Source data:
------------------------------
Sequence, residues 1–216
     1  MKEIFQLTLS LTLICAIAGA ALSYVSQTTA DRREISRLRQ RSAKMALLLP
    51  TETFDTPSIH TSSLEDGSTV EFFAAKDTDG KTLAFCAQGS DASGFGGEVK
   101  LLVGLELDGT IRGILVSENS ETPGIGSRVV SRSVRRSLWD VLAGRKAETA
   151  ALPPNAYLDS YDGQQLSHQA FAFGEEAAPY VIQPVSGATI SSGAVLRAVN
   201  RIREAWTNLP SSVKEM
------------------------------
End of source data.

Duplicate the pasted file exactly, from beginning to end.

Sequence, residues 1–216
     1  MKEIFQLTLS LTLICAIAGA ALSYVSQTTA DRREISRLRQ RSAKMALLLP
    51  TETFDTPSIH TSSLEDGSTV EFFAAKDTDG KTLAFCAQGS DASGFGGEVK
   101  LLVGLELDGT IRGILVSENS ETPGIGSRVV SRSVRRSLWD VLAGRKAETA
   151  ALPPNAYLDS YDGQQLSHQA FAFGEEAAPY VIQPVSGATI SSGAVLRAVN
   201  RIREAWTNLP SSVKEM